Re-Greening Armenia

Garen Yegparian


Just a few days ago, some good news hit regarding the environment of our homeland. Sen. Dick Durbin (D-IL) introduced a bill titled “Haiti and Armenia Reforestation Act”. But as with everything in life, it is not unalloyed good news. Also, in a somewhat atypical development, the bill was initiated by the senator, not the Armenian community, though he did reach out to our groups regarding the legislation.

The first thing to pop into anyone’s mind that sees this is, “Haiti and Armenia together? Huh? What’s the connection?” There’s history and there’s politics. Both countries used to be extensively forested. Over time, each through its own series of abuses, the trees have been largely lost.

When in French hands some three centuries ago, Haiti was described as the richest colony anywhere in the world. But it was also a slave based economy. Then, Haiti became independent, but was saddled with the antipathy of its former overlord and has struggled economically. That impoverishment coupled with ignorance of the economic importance of forests, as happens everywhere, led to consumption of trees at unsustainable rates, creating an island almost devoid of trees. Now, when tropical storms strike the (Caribbean) isle, massive mudslides destroy homes and kill people. When earthquakes strike, landslides take another huge toll. With no forests to do the job, fresh water for drinking is scarce. Armenia’s history is similar, though spanning a longer period of time. Centuries of invaders, desperation, and ignorance have rendered Armenia almost desert like. No doubt you’ve seen pictures of the Western Armenian landscape and noticed the desolation. The Republic of Armenia (RoA) is not quite as badly off, but given the extractive rapaciousness that is driving the government’s resource management policy (or lack thereof), the moon-scaping of the RoA may not be far off.

So there is some logic to the juxtaposition of Armenia and Haiti. But the fact that Sen. Durbin has tried to pass a Haiti reforestation bill unsuccessfully probably played a larger role in this “joining” of countries. Plus, he visited Armenia last year, and while there, may have observed or been informed of the dangers Armenian woodlands (what little remains) are facing. He’s probably thinking, “With both Haiti and Armenia in my bill, I can get the lobbying support of both constituencies,” and he’s probably right.

Next you’re probably wondering how this will be implemented if the bill becomes law. Will the U.S. buy a bunch of trees and have them planted in Armenia? Will it just give the money for this to be done? It turns out that the RoA would be required to set aside tracts of land, both currently forested and subsequently planted, that would be protected from the axe. In exchange, the RoA would receive two things: technical assistance, support, and capacity-building expertise to accomplish the reforestation and debt forgiveness/reduction from international creditors. This arrangement, referred to as a debt-for-nature swap, would be mediated by a nongovernmental conservation group.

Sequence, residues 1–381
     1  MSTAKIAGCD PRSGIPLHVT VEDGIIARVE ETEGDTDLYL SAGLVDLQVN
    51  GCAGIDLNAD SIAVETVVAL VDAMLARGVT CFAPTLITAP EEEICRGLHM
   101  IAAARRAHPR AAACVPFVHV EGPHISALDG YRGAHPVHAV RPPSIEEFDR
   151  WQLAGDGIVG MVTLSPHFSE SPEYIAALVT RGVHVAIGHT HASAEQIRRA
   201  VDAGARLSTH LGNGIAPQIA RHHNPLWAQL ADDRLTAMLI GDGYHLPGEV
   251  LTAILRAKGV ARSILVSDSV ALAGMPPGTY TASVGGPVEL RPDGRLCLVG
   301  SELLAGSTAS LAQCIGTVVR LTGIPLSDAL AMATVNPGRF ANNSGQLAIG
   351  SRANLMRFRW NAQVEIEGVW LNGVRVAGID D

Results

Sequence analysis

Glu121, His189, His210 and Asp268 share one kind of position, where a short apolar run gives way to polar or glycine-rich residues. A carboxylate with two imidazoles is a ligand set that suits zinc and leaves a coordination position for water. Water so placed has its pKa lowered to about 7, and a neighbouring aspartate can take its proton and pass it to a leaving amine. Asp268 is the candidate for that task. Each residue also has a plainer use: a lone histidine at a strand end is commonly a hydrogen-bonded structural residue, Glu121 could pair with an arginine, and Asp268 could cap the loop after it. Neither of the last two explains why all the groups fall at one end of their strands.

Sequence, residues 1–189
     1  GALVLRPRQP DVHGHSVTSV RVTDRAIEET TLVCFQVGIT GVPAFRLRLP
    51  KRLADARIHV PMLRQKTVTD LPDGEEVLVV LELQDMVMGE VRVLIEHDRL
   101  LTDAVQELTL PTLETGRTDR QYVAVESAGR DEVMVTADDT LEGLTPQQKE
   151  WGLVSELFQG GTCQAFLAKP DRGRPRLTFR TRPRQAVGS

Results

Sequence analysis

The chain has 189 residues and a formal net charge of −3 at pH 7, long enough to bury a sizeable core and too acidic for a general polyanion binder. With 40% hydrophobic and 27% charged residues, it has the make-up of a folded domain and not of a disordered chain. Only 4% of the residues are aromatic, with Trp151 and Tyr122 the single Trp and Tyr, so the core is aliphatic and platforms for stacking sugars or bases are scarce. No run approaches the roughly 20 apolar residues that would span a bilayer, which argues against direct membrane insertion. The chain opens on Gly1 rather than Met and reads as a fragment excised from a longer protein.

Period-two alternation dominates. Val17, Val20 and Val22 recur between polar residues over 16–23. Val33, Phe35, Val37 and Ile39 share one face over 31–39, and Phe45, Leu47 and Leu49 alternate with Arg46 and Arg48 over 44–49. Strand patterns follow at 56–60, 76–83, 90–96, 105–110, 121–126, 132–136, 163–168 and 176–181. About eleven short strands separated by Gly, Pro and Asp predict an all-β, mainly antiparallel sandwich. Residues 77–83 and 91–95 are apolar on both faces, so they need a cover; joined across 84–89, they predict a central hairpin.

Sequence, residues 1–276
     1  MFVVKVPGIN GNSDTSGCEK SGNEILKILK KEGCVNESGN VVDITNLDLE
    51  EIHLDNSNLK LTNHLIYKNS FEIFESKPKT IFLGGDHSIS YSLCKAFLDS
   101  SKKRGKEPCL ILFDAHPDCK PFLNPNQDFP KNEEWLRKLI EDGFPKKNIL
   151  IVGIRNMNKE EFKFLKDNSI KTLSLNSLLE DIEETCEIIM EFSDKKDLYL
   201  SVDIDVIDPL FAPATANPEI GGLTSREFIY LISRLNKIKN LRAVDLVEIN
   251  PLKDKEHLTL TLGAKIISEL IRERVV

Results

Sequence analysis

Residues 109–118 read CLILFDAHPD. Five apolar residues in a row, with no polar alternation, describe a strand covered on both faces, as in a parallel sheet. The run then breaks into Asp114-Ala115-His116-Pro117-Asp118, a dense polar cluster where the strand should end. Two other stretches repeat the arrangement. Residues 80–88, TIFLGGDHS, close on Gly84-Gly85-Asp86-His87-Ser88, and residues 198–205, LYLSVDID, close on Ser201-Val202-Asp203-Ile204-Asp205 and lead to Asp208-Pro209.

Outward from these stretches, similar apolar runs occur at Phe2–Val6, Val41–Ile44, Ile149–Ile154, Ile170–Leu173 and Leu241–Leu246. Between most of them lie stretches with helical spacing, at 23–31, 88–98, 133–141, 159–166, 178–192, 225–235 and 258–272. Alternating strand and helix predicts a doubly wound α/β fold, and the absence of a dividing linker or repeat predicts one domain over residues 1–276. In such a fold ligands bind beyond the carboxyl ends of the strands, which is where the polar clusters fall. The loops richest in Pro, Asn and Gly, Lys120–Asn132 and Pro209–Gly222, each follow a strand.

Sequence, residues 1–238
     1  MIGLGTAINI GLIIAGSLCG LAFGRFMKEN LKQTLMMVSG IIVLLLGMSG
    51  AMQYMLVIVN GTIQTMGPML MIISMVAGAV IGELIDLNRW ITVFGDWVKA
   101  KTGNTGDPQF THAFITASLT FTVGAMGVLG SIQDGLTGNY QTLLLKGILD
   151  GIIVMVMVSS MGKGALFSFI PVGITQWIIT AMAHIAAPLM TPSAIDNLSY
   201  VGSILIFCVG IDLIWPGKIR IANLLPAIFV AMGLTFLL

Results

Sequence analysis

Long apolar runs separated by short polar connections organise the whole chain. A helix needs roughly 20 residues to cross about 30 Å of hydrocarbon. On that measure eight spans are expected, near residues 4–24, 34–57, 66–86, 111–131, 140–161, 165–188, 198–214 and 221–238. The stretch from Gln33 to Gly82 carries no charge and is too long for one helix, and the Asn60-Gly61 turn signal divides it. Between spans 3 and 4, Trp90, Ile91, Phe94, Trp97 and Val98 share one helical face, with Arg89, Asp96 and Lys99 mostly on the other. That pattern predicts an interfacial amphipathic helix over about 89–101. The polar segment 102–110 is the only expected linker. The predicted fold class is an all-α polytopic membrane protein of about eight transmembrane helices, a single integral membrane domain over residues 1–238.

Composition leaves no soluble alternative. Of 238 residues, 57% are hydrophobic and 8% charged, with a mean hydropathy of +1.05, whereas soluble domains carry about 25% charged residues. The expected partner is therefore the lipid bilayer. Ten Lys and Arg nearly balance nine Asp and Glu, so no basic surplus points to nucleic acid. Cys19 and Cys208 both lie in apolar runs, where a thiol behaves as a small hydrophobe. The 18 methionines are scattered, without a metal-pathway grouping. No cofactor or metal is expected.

So we have a situation where, based on first principles, there is a good proposal on the table. But, it needs refinement. Given the irresponsible approach demonstrated by the RoA’s government on the environmental front (questionable mining practices unchecked, illegal lumbering ignored, the near irrelevancy of very good laws that are on the books, and the ever-present corruption that taints everything in the country), strong compliance and enforcement measures must be included in the legislation.

A very important, though hidden, political calculus may also be driving Durbin. Despite his strong support on issues revolving about Artzakh and the Genocide (he used to be an author of resolutions), in recent years, he has backed off. In part, he has used the foolhardy Protocols as an excuse. It is our job to make clear to him that we appreciate environmental initiatives such as this proposal, but it cannot replace, only supplement, his support on our core issues, the ones he has been cool to since the lying President Obama commenced his love-fest with Turkey.

Let’s all support this bill. Let’s make sure it is strengthened before it is passed. Let’s communicate our concerns to Sen. Durbin. Let’s get our compatriots, friends, and relatives in his state of Illinois to convey the same concerns. It’s good to see how much more integrated in world politics and economics our concerns have become. But, let’s make sure we achieve a comprehensive, meaningful, and practicable law as the outcome.


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  1. Random Armenian said:

    Reforestation is critical for the health and wealth of Armenia. Reforestation is a long term investment that benefits everyone slowly and indirectly. And that’s a problem when convincing people of the importance of forests and nature in general. It’s hard to see past immediate needs, wealth and comforts.

    It’s true that a lot of deforestation occurs because of immediate needs for cooking and heating, but this can be managed and negated. There is a wealth of experience around the world in reforestation, it’s that experience is there for the asking.

  2. Pingback: Environmenalist in Los Angeles supporting the environmental/ public health protection efforts on the ground in Armeania